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Testamentary trust changes prompt need for tax rulings, guidance

Shaun Backhaus
Miranda Brownlee
28 July 2020 — 1 minute read

SMSF professionals with clients dealing with the payment of death benefits and testamentary trusts in the near future may want to apply for tax rulings or seek other advice, with the ATO yet to release guidance on recent legislative amendments, says an industry lawyer.

Last month, the government passed Income Tax Assessment Act 1936 in Treasury Laws Amendment (2019 Measures No. 3) Act 2019, which clarifies that minors should only be taxed at adult marginal tax rates in respect of income a testamentary trust generates from assets of the deceased estate.

The new rules ensure there is a connection between the property from which excepted trust income is derived and the deceased estate that gave rise to the testamentary trust.


Shaun Backhaus from DBA Lawyers said while the changes are still relatively new, there is a strong argument that if the death benefits are paid to the legal personal representative, they then form part of the estate and will have the necessary connection to ensure they form part of the excepted trust income.

“Certainly, I think there’s a strong position that those death benefits do form part of the estate and do have that necessary connection to the estate of the deceased,” Mr Backhaus said in a DBA Lawyers webinar.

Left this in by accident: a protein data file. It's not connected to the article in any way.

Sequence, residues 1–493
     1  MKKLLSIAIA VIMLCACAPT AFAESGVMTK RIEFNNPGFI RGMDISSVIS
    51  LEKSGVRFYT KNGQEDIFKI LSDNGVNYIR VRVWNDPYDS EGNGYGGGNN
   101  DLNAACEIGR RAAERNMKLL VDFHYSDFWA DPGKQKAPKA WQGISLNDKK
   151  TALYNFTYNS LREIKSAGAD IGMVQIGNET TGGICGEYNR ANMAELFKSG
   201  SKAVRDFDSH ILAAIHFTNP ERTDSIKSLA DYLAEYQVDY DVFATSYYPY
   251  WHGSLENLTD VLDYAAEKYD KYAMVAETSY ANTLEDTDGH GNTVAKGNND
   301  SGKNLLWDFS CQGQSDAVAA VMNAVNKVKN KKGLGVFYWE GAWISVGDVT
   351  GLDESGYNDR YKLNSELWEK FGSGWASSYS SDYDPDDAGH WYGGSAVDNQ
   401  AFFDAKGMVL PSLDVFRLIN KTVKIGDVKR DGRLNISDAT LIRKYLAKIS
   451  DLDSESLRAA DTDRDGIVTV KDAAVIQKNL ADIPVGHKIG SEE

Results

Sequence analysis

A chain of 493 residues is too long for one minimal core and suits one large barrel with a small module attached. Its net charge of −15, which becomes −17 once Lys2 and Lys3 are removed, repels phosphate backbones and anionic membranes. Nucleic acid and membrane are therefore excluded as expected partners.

“Of course, we don’t actually have any clear guidance yet, as it’s still quite new. For those who have to deal with this soon, I would suggest getting tax rulings or seeking advice.”

Mr Backhaus said the industry needs further confirmation and guidance on the changes, which the ATO will likely provide at some point.

View Legal director Matthew Burgess also agrees that the preferred interpretation is that so long as a death benefit is paid to the legal personal representative of an estate, before then passing to a testamentary trust, this should be sufficient to ensure that any income later derived will be excepted trust income.

However, he previously cautioned that in situations where a death benefit passes directly from a superannuation fund to a legal personal representative in their capacity as the trustee of a testamentary trust, then there is a material risk that the death benefit will be deemed to be “injected” into the testamentary trust in a manner that is caught by the new rules.

“This is because the payment would not strictly pass via the estate of the deceased willmaker,” he said.

Miranda Brownlee

Miranda Brownlee


Miranda Brownlee is the deputy editor of SMSF Adviser, which is the leading source of news, strategy and educational content for professionals working in the SMSF sector.

Since joining the team in 2014, Miranda has been responsible for breaking some of the biggest superannuation stories in Australia, and has reported extensively on technical strategy and legislative updates. Miranda has also directed SMSF Adviser's print publication for several years. 

Miranda also has broad business and financial services reporting experience, having written for titles including Investor Daily, ifa and Accountants Daily.

You can email Miranda on: This email address is being protected from spambots. You need JavaScript enabled to view it.

Testamentary trust changes prompt need for tax rulings, guidance
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